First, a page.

Do interactive movies count as games? Ask five different gamers and you'll get five different answers, four of which will probably have merit. (The fifth guy just says "Git gud.") Otis is, yes, an interactive movie. You can view a narrative through one of three perspectives and change to any of those perspectives in real time.
I'm not that old - I'm only 31 - but I recall that a lot of cool features were touted when DVDs first came out. Among them were the idea that you could see certain scenes from alternate camera angles. Throughout the storied career of these little plastic discs, few movies (in my experience, anyway) took the time and expense to produce this feature for DVDs. It was cool when it existed, but it didn't really add anything of substance to the film overall.
I spent a good bit of time chatting with the fine folks at Play NYC 2017 working on the project, partly out of interest and partly - full disclosure - they were kind enough to let me bum their power strip to charge my phone. (Play NYC was a fickle mistress of photo taking and battery draining.) What I learned was that the project is headed by passionate creators who want to tell a story in a new and interesting way, and from what I've seen I think they've pulled it off.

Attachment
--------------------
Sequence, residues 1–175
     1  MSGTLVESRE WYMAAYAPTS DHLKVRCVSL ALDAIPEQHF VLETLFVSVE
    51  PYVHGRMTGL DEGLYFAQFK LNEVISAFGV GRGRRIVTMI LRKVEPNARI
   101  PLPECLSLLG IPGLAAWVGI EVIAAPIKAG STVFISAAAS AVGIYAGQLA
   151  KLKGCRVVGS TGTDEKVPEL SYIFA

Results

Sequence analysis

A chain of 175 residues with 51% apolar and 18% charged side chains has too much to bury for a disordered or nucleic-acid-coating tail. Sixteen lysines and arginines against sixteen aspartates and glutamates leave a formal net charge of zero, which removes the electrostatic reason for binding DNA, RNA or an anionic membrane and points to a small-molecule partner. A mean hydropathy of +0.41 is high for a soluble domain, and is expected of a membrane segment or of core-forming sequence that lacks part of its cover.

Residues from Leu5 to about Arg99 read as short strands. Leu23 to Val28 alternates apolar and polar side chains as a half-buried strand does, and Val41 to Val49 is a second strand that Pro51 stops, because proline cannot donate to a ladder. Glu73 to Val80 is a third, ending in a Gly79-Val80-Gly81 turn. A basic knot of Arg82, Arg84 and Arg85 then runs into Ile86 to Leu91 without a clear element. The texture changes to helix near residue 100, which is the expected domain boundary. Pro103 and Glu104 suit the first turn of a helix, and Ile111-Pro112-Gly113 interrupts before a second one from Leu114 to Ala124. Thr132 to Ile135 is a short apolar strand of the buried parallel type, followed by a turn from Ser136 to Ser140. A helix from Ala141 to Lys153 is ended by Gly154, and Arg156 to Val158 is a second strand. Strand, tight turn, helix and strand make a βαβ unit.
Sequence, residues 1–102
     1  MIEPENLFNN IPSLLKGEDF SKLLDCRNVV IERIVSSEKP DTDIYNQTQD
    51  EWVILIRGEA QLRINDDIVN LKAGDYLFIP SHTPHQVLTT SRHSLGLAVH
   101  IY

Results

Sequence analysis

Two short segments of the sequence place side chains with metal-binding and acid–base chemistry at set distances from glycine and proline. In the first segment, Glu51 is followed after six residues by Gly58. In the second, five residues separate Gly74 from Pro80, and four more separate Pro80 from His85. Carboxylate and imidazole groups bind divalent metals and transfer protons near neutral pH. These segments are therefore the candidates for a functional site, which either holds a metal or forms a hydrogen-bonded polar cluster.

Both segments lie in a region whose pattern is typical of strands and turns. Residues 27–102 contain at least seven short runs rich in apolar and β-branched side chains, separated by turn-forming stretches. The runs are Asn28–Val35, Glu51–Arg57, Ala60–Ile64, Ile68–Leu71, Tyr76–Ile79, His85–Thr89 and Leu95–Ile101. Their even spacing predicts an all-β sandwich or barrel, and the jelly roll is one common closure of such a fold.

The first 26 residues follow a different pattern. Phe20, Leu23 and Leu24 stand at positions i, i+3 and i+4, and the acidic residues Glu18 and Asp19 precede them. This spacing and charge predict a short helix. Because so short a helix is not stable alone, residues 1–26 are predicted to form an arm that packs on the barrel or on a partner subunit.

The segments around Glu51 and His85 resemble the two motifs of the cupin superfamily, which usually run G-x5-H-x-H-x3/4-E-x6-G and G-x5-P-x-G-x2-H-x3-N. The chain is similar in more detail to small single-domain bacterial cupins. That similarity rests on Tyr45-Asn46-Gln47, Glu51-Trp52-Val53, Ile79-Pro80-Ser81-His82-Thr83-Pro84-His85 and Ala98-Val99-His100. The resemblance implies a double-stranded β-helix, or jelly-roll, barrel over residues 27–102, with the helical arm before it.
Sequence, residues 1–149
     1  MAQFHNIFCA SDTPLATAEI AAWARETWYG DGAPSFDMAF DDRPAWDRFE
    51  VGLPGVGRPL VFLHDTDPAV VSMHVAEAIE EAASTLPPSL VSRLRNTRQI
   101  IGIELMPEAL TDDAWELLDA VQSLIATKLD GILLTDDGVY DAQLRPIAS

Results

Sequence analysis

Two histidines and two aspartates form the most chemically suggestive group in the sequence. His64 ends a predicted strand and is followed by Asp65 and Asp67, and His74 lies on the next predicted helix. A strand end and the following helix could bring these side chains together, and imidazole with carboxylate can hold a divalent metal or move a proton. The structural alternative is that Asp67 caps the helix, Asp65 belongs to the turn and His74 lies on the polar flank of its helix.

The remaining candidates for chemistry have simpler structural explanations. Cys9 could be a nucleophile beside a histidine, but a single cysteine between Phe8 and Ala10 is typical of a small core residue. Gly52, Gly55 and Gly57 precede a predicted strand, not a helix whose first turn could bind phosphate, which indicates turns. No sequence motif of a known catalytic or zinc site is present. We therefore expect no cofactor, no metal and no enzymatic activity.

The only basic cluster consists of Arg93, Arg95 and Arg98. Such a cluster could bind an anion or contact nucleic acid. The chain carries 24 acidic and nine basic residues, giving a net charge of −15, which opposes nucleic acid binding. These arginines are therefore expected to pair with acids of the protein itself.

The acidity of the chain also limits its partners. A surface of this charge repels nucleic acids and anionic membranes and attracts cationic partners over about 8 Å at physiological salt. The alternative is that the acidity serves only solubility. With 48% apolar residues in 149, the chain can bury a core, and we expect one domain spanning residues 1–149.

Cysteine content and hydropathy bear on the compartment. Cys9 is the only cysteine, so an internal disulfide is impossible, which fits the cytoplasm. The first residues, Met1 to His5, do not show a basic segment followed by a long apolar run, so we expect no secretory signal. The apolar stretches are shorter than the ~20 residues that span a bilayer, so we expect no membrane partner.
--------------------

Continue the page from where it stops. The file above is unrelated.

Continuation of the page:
Otis doesn't just do alternate camera angles, it does alternate perspectives. You get the same story told from three different points of view. That alone can be interesting in its own right. The ability to switch in real time makes it a good bit more intriguing to me. And hey, if you want to feel like a modern movie editor, you can just simulate the current wave of excessive jump cuts by slamming your head on the keyboard repeatedly.
As for those perspectives of games and what makes a game, I think interactivity is enough. Otis has the absolute bare minimum of interactivity: push one of three buttons and see something different. What it does with that is tell an interesting short story that's worth watching, and judging by the fact that they call this "Episode 1" it seems that it's only the beginning. You can view the first episode of Otis on its website, and hopefully there will be more to come. If anything, it's certainly a novel experience.
What do you think of Otis? Does an interactive movie meet your definition of a game? If not, what's the bare minimum that a game must have for you to consider it a game? Let us know in the comments below!